Click for Bookshop

Anstruther Easter

A historical perspective, drawn from the Ordnance Gazetteer of Scotland: A Survey of Scottish Topography, Statistical, Biographical and Historical, edited by Francis H. Groome and originally published in parts by Thomas C. Jack, Grange Publishing Works, Edinburgh between 1882 and 1885.

This edition is copyright © The Editors of the Gazetteer for Scotland, 2002-2014.

It has taken much time and money to make the six-volumes of Groome's text freely accessible. Please help us continue and develop by making a donation. If only one out of every ten people who view this page gave £5 or $10, the project would be self-sustaining. Sadly less than one in thirty-thousand contribute, so please give what you can.

Use the tabs on the right of this page to see other parts of this entry Arrow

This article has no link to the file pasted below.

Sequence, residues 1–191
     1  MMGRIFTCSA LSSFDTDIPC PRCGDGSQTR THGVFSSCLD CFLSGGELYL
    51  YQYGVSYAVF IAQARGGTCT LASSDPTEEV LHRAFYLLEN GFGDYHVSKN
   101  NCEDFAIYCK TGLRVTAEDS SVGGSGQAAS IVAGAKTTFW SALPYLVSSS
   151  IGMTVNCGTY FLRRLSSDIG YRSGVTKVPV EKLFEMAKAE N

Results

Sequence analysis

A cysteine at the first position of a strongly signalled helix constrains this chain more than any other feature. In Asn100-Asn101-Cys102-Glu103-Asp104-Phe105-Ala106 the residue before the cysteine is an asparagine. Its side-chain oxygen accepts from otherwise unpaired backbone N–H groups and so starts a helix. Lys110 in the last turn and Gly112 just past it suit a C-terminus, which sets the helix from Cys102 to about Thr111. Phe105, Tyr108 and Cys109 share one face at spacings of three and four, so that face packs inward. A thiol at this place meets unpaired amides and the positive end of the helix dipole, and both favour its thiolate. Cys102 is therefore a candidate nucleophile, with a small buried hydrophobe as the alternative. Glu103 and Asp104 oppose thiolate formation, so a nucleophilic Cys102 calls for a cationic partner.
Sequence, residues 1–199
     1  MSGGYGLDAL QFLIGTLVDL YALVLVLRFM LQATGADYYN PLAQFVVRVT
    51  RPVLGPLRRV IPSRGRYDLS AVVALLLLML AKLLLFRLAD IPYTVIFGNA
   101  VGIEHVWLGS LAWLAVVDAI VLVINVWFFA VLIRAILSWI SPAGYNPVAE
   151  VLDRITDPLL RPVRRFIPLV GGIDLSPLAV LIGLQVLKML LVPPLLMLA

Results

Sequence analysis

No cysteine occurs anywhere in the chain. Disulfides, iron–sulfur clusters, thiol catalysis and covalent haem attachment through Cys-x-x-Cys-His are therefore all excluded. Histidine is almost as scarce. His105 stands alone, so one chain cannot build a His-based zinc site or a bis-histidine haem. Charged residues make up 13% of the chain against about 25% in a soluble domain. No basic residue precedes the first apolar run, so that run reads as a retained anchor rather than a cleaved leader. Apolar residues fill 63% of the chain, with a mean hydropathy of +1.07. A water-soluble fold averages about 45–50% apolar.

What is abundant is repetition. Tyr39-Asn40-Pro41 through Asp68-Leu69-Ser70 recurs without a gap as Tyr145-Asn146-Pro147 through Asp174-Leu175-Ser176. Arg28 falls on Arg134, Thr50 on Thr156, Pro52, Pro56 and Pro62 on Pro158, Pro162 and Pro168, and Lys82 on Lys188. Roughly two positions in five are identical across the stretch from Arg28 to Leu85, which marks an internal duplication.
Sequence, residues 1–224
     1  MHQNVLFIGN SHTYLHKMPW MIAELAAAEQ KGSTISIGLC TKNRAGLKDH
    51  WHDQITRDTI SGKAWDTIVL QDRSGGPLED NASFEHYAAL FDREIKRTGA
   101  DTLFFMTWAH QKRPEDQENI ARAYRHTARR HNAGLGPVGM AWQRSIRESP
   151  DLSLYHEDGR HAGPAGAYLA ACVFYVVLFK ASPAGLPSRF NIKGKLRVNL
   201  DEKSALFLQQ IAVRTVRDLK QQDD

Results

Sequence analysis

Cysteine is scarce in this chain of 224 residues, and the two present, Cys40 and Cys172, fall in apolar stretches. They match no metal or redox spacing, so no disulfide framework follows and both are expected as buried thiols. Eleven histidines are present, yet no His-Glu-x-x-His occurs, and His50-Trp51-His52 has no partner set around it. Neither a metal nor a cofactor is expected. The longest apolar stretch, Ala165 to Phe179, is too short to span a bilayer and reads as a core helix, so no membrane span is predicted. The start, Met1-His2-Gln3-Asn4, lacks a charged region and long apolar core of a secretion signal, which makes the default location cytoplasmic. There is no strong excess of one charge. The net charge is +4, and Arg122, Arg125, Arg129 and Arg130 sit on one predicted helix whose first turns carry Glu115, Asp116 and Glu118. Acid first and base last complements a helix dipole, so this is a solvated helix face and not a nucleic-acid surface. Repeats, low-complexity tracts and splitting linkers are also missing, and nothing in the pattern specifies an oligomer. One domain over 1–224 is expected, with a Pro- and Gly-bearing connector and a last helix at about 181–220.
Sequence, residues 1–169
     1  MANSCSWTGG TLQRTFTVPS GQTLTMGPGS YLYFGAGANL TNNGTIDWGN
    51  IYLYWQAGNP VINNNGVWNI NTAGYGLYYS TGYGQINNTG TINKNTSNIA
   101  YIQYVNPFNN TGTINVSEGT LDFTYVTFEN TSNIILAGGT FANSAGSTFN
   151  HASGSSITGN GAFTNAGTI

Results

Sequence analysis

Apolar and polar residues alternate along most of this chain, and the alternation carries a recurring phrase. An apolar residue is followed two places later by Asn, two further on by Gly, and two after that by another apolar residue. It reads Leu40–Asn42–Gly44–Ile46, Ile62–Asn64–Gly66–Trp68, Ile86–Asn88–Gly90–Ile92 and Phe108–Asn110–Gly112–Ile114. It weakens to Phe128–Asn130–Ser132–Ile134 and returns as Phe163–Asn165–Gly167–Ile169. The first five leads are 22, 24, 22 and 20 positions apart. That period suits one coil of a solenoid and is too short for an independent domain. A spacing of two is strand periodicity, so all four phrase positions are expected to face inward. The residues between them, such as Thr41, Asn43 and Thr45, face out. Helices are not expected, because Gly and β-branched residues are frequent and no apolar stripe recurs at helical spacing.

Anstruther, a fishing and seaport town of SE Fife, comprising the royal and parliamentary burghs of Anstruther-Easter and Anstruther-Wester, and contiguous eastwards to the royal burgh of Cellardyke or Nether Kilrenny. Situated at the entrance of the Firth of Forth, it stretches along its shore about 1¼ mile, and by water is 5½ miles WNW of the Isle of May, 113/8 N of North Berwick, and 25 NE of Leith, while, as terminus of the Leven and East of Fife section of the North British system, it is 18¾ miles E by N of Thornton Junction, and 38¾ NE of Edinburgh, viâ Granton. By road, again, it is 9¼ miles SSE of St Andrews, whither a railway is constructing (1881) at a cost of £38,000, to be l6 miles long, with five intermediate stations, at Crail, Kingsbarns, Dunino, etc., and to be worked by the North British. Anstruther has a post office with money order and savings' bank departments, a railway telegraph office, branches of the Clydesdale, Commercial, and National banks, gasworks, two hotels, a custom house, a town-hall(1871; accommodation 800), a masonic lodge, a musical association, etc., and publishes a Friday paper, the East of Fife Record (1856). Friday is market - day; and industrial establishments are 2 rope and sail, 3 oil, and 4 oilskin and fishing - gear factories, a brewery, and a tannery. A bridge (1831)over the Dreel Burn joins Anstruther-Wester to Anstruther-Easterwhere are Free, U.P., Baptist, and Evangelical Union churches, besides the parish church (1634-44; 750 sittings), whose picturesque tower has a low spire and is another quaint old building, erected in 1590 by James, a nephew of the more celebrated Andrew, Melville. Anstruther-Wester has its own parish church, consecrated in 1243; a lidless stone coffin in its churchyard is wrongly imagined to be St Adrian's. On 10 June 1559, Knox marched here with a ` rascal multitude ' (the phrase is his own),and preached alive well remember the rows of fine arches left standing in this church, which now is a tasteless erection within and without ' (Gordon's Scotichronicon, 1867, p. 307). A Spanish war-ship, one of the scattered Armada, put in at the harbour in 1588; in 1645 many of the townsfolk, zealous Covenanters, fell at the battle of Kilsyth; and the town itself, in 1651, was plundered by the English. Great inundations (1670-90) did grievous damage, the first destroying the harbour, and the second a third of the houses; the Union, too, gave a serious shock to commerce, which, till then carried on by 24 home vessels, employed but 2 in 1764. Three natives and contemporaries were the great Dr Thomas Chalmers (1780-1847), a minor poet, Captain Charles Gray, R.N. (1782-1851), and William Tennant (1784-1848), author of Anster Fair, whose heroine ` Maggie Lander ' lived, it is said, on Anstruther East Green.